Cheri L. Elson and Allen G. Drescher, Retired
21 S. 2nd St. ● Ashland ● Oregon ● 97520

Signs Your Parent May Need Help at Home

As the Baby Boomers turn 65 (at the rate of one every 10 seconds), more and more Americans will find themselves with senior-aged parents and faced with some potentially difficult realities. Among those, recognizing when Mom or Dad need help at home. Aging parents are often in denial that there is a problem and, often, the kids either don’t see it, or are also in denial.  After being independent for so long, it can be difficult for someone to admit they need help.

The burden of recognizing the signs that an aging parent may need help with daily living tasks often falls on the children. It is important to communicate with your parents and let them know why you are worried and that you want to help. The best solutions will be the ones worked out together.

Here are some signs that may indicate your parent needs help:

  1. Forgetfulness

Are appointments missed or bills not getting paid? Are common objects being put in illogical places (i.e. car keys in the freezer). Perhaps medication is being incorrectly or not at all.

If you notice any of these, an assessment (both medical and cognitive) may be in order to determine what is going on and to start to come up with some options. Knowing the cause of the condition means effective treatments can be put in place and your loved one can be kept safe.

  1. Difficulty Getting Around

Are your parents having trouble moving around or getting in and out of chairs? If so, having a two-story house could be problematic and put your parents at a much higher fall risk. Check for slippery tiles and furniture that creates obstacles.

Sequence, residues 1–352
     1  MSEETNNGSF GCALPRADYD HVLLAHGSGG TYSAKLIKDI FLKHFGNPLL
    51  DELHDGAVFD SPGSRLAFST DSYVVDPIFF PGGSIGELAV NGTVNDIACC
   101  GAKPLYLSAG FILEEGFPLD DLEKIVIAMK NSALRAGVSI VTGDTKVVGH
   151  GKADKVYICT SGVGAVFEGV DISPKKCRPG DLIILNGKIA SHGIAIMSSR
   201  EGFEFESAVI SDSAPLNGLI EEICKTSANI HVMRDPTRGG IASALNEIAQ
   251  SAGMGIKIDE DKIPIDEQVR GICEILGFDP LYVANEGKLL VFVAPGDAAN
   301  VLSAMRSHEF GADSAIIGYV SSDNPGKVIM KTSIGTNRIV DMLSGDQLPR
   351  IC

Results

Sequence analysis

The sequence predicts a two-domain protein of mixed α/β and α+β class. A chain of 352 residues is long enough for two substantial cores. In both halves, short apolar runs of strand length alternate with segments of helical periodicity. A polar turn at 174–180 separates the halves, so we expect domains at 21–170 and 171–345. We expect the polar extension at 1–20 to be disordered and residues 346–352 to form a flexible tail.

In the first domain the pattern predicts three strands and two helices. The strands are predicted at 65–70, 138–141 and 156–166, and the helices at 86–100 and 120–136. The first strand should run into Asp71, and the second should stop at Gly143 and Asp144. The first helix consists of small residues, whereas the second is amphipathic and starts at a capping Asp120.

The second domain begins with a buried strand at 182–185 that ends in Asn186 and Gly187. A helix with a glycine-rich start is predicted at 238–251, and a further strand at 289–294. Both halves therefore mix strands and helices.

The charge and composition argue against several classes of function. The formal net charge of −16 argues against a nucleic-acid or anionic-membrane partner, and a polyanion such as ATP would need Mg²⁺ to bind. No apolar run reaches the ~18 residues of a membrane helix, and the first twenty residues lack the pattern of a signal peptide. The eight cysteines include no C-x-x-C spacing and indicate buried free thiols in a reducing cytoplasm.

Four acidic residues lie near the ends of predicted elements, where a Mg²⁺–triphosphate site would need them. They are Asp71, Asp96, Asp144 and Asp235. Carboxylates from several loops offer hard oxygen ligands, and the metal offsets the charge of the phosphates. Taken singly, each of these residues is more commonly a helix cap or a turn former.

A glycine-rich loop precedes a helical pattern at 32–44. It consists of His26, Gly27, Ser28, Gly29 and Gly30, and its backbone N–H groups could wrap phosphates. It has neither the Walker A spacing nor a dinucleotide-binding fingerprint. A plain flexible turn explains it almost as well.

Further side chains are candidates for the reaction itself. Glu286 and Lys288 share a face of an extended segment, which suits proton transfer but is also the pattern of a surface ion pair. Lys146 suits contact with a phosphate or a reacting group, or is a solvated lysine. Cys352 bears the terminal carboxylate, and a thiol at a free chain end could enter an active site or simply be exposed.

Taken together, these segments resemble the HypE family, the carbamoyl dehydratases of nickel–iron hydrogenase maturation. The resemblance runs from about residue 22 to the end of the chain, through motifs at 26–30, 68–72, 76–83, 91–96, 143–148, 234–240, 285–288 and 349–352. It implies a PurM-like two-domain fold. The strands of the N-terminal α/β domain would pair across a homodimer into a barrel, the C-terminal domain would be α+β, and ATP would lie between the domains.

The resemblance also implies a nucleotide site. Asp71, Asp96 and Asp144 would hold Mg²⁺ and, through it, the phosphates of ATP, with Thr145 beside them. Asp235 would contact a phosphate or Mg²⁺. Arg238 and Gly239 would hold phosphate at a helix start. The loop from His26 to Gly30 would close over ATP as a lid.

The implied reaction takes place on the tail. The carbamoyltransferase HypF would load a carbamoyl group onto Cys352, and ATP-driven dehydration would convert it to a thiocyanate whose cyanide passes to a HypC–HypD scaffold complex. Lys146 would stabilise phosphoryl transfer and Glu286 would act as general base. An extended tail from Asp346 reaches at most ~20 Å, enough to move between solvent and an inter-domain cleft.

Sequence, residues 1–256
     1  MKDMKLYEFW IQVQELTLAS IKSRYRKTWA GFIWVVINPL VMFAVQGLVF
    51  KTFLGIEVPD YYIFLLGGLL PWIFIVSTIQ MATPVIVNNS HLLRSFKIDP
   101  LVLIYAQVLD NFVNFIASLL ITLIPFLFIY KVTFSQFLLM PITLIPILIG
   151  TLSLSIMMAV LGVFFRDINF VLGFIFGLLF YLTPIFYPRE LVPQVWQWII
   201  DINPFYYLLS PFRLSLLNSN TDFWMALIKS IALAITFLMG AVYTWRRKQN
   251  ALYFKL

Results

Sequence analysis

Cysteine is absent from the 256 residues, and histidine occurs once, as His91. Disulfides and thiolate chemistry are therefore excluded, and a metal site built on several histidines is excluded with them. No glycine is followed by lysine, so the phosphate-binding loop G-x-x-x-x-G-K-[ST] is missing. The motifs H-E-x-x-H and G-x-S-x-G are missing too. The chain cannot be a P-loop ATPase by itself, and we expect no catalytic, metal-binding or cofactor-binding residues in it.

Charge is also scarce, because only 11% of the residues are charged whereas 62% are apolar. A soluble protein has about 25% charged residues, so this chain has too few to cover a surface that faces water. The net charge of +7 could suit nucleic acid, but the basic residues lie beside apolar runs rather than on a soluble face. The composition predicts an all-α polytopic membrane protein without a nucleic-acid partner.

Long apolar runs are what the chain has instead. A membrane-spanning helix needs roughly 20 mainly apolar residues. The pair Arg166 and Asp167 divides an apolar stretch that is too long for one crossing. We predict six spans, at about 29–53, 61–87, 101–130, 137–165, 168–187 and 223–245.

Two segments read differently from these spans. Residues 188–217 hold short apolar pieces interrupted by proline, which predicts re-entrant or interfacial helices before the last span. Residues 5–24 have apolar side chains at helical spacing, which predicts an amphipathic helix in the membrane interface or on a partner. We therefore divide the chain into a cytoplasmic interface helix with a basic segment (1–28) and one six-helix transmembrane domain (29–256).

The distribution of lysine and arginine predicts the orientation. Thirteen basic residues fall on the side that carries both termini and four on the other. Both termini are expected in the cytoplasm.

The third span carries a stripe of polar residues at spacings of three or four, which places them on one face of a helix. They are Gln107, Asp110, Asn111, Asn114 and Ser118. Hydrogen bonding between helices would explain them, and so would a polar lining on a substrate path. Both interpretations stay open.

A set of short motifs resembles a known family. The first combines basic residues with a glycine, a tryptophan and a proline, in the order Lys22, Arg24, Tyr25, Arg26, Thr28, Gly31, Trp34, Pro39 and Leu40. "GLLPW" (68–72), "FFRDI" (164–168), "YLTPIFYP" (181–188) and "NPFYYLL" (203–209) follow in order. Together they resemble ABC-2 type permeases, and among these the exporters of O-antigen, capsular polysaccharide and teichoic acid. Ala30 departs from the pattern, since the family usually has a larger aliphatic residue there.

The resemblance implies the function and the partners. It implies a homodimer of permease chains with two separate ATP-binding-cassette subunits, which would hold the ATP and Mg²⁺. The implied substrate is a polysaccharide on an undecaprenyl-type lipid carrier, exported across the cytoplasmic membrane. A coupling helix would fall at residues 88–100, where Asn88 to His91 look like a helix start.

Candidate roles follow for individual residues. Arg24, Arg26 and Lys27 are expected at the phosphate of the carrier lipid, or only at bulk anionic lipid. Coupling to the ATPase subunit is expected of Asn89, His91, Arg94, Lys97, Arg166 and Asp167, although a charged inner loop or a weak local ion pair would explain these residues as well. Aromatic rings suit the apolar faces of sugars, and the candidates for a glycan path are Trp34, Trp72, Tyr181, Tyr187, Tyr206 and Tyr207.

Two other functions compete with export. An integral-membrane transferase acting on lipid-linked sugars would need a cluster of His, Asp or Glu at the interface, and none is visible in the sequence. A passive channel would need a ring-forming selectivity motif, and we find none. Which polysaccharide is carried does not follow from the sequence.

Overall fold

Providing them with a cane or walker may be all that is needed. Or, modifications to the house may be possible, allowing them to remain at home. Your parent may be reluctant to leave their home of 30, 40, 50 years, and that’s okay. The goal is not get them to leave the home, but rather to come up together with viable options that keep them safe.

  1. Unusual Amount of Clutter

Is there dirty laundry or unopened mail in a home that is historically meticulously clean? Does the lawn need mowing? This could be a sign of cognitive decline, or simply that the house is getting to be too much for your parents to handle. A conversation with them could help determine what is needed: a housekeeper, gardener, or a more significant geriatric makeover.

  1. Change in Personality

Are there changes in your parents’ personality? Are they speaking too loudly or softly? Are they accusing people of taking their things, or exhibiting other paranoid behavior?

This could be a sign of dementia. An appointment with a medical doctor for a cognitive assessment could be important to establish a base line from which to gauge any further decline. If there is a diagnosis of dementia, that in itself does not mean that your parents cannot participate in the decision-making process; the severity of the dementia will have more of an impact on their inclusion in the conversation. However, dementia will mean that at some point they will not be able to make decisions and now is the time to make certain all legal and medical documents are in order.

It is important to remember that needing assistance does not necessarily mean leaving the home. It may be that extra help in the home environment is all that is needed to keep your loved one safe and healthy. A care manager may be able to assist with determining what extra services are needed and where to look for help. If you are concerned with a family member and would like to speak more about this, please do not hesitate to contact me. I would be honored to sit down with you and discuss your situation in more detail.

Cheri Elson
Gray Matters Consulting
(541) 708-1147

For more information:
9 Signs Your Parent Needs Help